Last week I was prescribed the antidepressant Celexa, and I've been taking it since Saturday—not even a week. The first few days they made me nauseous and somewhat disoriented; the next few days I sensed nothing in particular ... today was different. (Scott claims he noticed a change earlier; I myself did not. I had a good week last week, so I was pretty much all right to begin with, or what passes—passed—for "all right" in my life.) Today was ... good.
I'm not sure how to describe it. It feels as though some weight—not great, but constantly pressing—has lifted off my shoulders. It seems as though some pale grey pall has lifted from the world. I feel good in a way that I haven't felt in so long that I'm honestly frightened.
Don't get me wrong; I haven't had a terrible life, and I've had good times—lots of them. Being with friends, a tremendous amount of time with Lori, the time with Stacey, and of course thousands of other things great and small ... but this is very different. Before, I was occasionally happy about
things, and sure, when I was happy about something I could go on for a bit and be happy in general. But eventually, whether shortly or after a relatively long period of happiness, I would sink down into the bleak state that was usual for me—Stacey explained something about this to me at some point, and I believe the term she used was "baseline happiness". My "baseline" was pretty damn low.
Today is not like that. I'm not happy about some particular thing that's happened—nothing concrete—I'm just happy for no reason (well, obviously there is a reason, and it's fairly concrete and comes in 20 mg capsules, but there's no particularly exciting thing
for me to be happy about—pills don't strike me as that cheerful). It's an entirely different feeling, and right now it feels strange and wonderful. At odd moments during the day I have felt at the verge of laughing, perhaps simply from the novelty of this feeling.
So the pills are good. Why the hell, do you ask, didn't I get on them sooner? Certainly people have advised me to. And if I was in such a bleak state of mild-to-moderate-to-pretty-bad depression for so long (how long?), why didn't I do something about it earlier? Am I completely stupid?I didn't realise I could feel like this.
I have gone so long without this general, non-specific happiness that I had all but forgotten what it feels like. I didn't know, and couldn't believe, that I could go for a day feeling this good without having some very good reason to. Looking back, I can't recall the last time I felt like this. How old must I have been? Twelve years old, perhaps? Slightly younger? Stating it like that, it sounds like I have been in some degree of depression since puberty hit, and that's a damn long time. That's about half my life. Now I understand why people were frustrated with me, why they urged me to do something about it—because really, it doesn't have to be like that, even for me. But I feel no shame about my reluctance, foolish as I now know it to have been, because it's been ten years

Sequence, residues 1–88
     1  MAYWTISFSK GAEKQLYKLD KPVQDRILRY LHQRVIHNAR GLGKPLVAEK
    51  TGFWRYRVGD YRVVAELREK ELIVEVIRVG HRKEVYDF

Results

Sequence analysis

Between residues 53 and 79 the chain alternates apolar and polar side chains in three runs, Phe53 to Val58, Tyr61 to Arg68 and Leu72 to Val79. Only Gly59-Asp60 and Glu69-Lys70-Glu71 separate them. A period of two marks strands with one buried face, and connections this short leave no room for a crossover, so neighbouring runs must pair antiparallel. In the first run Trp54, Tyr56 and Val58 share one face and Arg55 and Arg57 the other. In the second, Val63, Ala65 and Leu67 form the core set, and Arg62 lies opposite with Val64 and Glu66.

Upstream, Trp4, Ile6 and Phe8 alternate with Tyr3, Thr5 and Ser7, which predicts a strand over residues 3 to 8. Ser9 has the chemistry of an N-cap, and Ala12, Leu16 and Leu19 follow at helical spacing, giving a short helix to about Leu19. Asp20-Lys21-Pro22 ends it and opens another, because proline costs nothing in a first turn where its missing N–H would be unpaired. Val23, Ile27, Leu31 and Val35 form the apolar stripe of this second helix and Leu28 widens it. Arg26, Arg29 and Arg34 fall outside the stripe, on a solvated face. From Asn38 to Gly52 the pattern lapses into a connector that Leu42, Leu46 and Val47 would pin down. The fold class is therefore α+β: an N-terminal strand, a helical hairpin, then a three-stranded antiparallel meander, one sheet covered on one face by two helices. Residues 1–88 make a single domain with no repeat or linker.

, and it's no wonder, I think, if I couldn't easily recall what I may have felt like back then, especially in light of the fact that my psyche has undergone a fair few other changes since then ...
I realise I should take one step at a time—this is how I feel today and I may not feel like this tomorrow. But today I do, and I will remember it. Today I feel as though laughter is on the very verge of bursting out just because of the novelty of being happy without beeing happy about
something—intransitive happiness, if you will. And even if I don't feel this good tomorrow, I will remember that it is possible, and the next time someone tells me to fight for it, I will know that there is something to fight for.
Finally—thank you, Scott
, and Stacey
—listed here deliberately in alphabetical order—because you pushed and you kicked and you dragged me to the counselling office and finally to the doctor, and you made me take this, and so you have shown me what life can be like.
Thank you. I cannot express how grateful I feel to you right now—others as well, all of you
who have supported me through some bad times, but primarily (just now) the tribunal above who pushed me to this decision.
I still have a ton of issues to work on, I have a long way to go, and I need to find a way to be self-sustaining after I eventually stop taking the Celexa. But ... I'll get there.